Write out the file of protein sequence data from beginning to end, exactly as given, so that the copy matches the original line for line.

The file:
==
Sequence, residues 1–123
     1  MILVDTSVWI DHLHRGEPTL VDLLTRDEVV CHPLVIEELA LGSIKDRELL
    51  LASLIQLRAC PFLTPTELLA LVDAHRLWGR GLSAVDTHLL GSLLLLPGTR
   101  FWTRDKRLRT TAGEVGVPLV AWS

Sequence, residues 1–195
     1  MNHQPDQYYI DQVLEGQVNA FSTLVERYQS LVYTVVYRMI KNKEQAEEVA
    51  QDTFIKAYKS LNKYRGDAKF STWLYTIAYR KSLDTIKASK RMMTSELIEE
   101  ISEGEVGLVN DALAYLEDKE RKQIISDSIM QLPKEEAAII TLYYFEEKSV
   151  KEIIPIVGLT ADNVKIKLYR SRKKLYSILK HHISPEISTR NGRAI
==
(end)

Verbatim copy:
Sequence, residues 1–123
     1  MILVDTSVWI DHLHRGEPTL VDLLTRDEVV CHPLVIEELA LGSIKDRELL
    51  LASLIQLRAC PFLTPTELLA LVDAHRLWGR GLSAVDTHLL GSLLLLPGTR
   101  FWTRDKRLRT TAGEVGVPLV AWS

Sequence, residues 1–195
     1  MNHQPDQYYI DQVLEGQVNA FSTLVERYQS LVYTVVYRMI KNKEQAEEVA
    51  QDTFIKAYKS LNKYRGDAKF STWLYTIAYR KSLDTIKASK RMMTSELIEE
   101  ISEGEVGLVN DALAYLEDKE RKQIISDSIM QLPKEEAAII TLYYFEEKSV
   151  KEIIPIVGLT ADNVKIKLYR SRKKLYSILK HHISPEISTR NGRAI